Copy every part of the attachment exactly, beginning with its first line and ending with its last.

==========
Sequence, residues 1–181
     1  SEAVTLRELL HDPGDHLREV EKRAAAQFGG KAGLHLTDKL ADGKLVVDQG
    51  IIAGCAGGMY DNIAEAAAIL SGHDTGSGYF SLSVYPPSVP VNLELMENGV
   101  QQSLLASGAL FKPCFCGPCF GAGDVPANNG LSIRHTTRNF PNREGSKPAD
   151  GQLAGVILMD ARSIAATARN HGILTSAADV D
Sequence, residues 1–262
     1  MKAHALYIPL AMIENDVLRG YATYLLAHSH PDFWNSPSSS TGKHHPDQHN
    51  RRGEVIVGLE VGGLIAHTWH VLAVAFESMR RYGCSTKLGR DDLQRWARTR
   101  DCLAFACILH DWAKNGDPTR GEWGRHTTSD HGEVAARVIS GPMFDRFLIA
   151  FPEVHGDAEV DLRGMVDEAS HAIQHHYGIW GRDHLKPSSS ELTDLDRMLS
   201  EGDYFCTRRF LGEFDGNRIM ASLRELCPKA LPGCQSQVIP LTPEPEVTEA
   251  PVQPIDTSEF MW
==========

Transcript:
Sequence, residues 1–181
     1  SEAVTLRELL HDPGDHLREV EKRAAAQFGG KAGLHLTDKL ADGKLVVDQG
    51  IIAGCAGGMY DNIAEAAAIL SGHDTGSGYF SLSVYPPSVP VNLELMENGV
   101  QQSLLASGAL FKPCFCGPCF GAGDVPANNG LSIRHTTRNF PNREGSKPAD
   151  GQLAGVILMD ARSIAATARN HGILTSAADV D
Sequence, residues 1–262
     1  MKAHALYIPL AMIENDVLRG YATYLLAHSH PDFWNSPSSS TGKHHPDQHN
    51  RRGEVIVGLE VGGLIAHTWH VLAVAFESMR RYGCSTKLGR DDLQRWARTR
   101  DCLAFACILH DWAKNGDPTR GEWGRHTTSD HGEVAARVIS GPMFDRFLIA
   151  FPEVHGDAEV DLRGMVDEAS HAIQHHYGIW GRDHLKPSSS ELTDLDRMLS
   201  EGDYFCTRRF LGEFDGNRIM ASLRELCPKA LPGCQSQVIP LTPEPEVTEA
   251  PVQPIDTSEF MW